If you come here to peas love & carrots often, you know that normally the words just flow for me (the spelling not so much…). For some reason though, as I sit down to type up my thoughts on shabbos I feel like I’m struggling to properly put my feelings to words that accurately describe them. 

I’m conflicted between the spiritual side of me that loves to disconnect from our crazy world and take time to reconnect to our Creator and people we love, and the side of me that knows that as a mother of young children, shabbos doesn’t really mean a day of rest. 

I love to cook beautiful and delicious foods that are served on platters befitting the holiness of the day. I love to set the table with my nicest dishes and glasses. I adorn every plate with cloth napkins dressed in my favorite napkin rings. I start out shabbos with a sparkling kitchen, counters that are spotless, and everything in it’s place.

Then comes time to light the candles. It’s truly my favorite time of the week. In that millisecond where the whole world changes from a place that wasn’t something special and then with a simple bracha became a world filled with  holiness I am overcome by my desire to be close to Hashem and his Torah. 

All of that is real for me and inspires me. These days though shabbos also means something else. With a house full of little kids, it means serving food, clearing the table, sweeping, rinsing, resetting the table, heating up more food, serving more food and clearing more plates in addition to getting kids dressed, getting them redressed after they took off their clothing, picking up toys, changing diapers, and finding lost shoes. 

Sometimes it’s difficult to remember what excalty it is I love about shabbos. But no matter how hard I work on shabbos, every week come Thursday night and I am counting down the minutes until I get to light my candles. 

This didn’t come easy to me. I went through a phase where I wished that shabbos would come every ten days instead of every seven. So I thought a lot about what I want to get out of my shabbosim and totally reframed the way I think about. 

Instead of thinking about shabbos as a day of connection through rest, I now think about strengthening my relationship with Hashem by strengthening my relationship with my family and people I love. 

That means being totally present and mindful to the time I get to spend with my family on shabbos. This period in my life will only come once and I don’t want to take a minute of it for granted. I listen to their, sometimes long but always sweet, divrei torah with an attentive ear. I play games with them that we all enjoy. I make extra shabbos treats so that everyone can find exactly what they like to munch on while we sit and do puzzles. I set the table with a little extra love and attention to detail so that my family can sit down to a beautiful shabbos seaudah no matter how many seconds it takes for someone to spill their grape juice.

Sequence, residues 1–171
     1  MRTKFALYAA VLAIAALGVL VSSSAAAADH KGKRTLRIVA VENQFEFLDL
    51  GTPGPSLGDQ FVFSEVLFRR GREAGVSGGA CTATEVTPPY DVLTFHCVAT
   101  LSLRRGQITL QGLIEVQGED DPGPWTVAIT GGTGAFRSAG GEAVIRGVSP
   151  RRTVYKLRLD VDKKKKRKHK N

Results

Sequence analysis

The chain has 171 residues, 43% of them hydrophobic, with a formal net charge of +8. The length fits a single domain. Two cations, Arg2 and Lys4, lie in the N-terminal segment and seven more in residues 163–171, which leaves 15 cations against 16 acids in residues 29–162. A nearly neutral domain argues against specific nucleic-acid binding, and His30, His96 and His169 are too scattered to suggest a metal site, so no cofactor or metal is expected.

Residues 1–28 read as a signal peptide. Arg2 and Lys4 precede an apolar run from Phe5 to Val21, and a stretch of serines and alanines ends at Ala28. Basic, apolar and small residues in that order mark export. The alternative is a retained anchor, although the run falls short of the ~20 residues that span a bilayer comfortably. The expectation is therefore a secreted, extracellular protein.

Come time to make havdalah and every week, no matter how hard I worked all shabbos, I am always sad to see it go. Whether I napped or not, said the extra tehillim that I wanted to or not, finished reading the article that I started at least ten times throughout shabbos or not, I am relaxed and calm. 


Because at each stage, rest means different things to our souls. 

Now, at this stage in my life, resting my soul means giving my family as much of myself as I can. 

Every shabbos that I accomplish building my relationships with the people I love I know that I am now one step closer to my Creator as well. 

And that is why I love shabbos. 



This dish is actually super simple to make but packed with enough flavor to have people thinking it took you days!

It’s loaded with just the right amount of deep flavored spices, and the rich lamb is perfectly balanced out by the acid in the wine and oranges. It’s like a modern, American raised girls version of her Moroccan grandmother Lamb Tagine. 

For the printable Orange and White Wine Braised Lamb Stew click here

This post, is really part of a larger post that was the brilliant brain child of the uber-talnted Sina Mizrahi from the Gatheratable blog. She wrote an extremely beautiful post all about what shabbos means to her and over the course of two weeks posted her favorite shabbos recipes. To finish off the series she came up with the idea of a virtual pot lock. 

What’s a virtual pot luck you ask?

Well, it’s where Sina, myself and a bunch of other extremely talented and creative bloggers get together, divide up the different dishes that make up a shabbos seudah and each of us develop a recipe for that dish. 

We all posted our recipes on the same day, thus “bringing our food to the virtual pot luck”. If you put all our recipes together you will end up with an extremely delicious, creative and absolutely beautiful menu to prepare for shabbos.

What’s a pot luck though without people to share the food with? You’re all invited to join in our meal!!

To make it really easy for you, the links to everyone else’s recipes are below! 

So, click away to get in on the action and come have some fun!

Oh, and of course, SHABBAT SHALOM!

For Between Carpools egg wash tips click here
For Cooking in Heels “How to Hack a Challah” click here
For Spice and Zests Roasted Eggplant click here
For the Katamon Kitchen’s Salatim post click here
For the Sugar Box’s Red Snapper with Charred Patatoes, Tomatoes and Lemons click here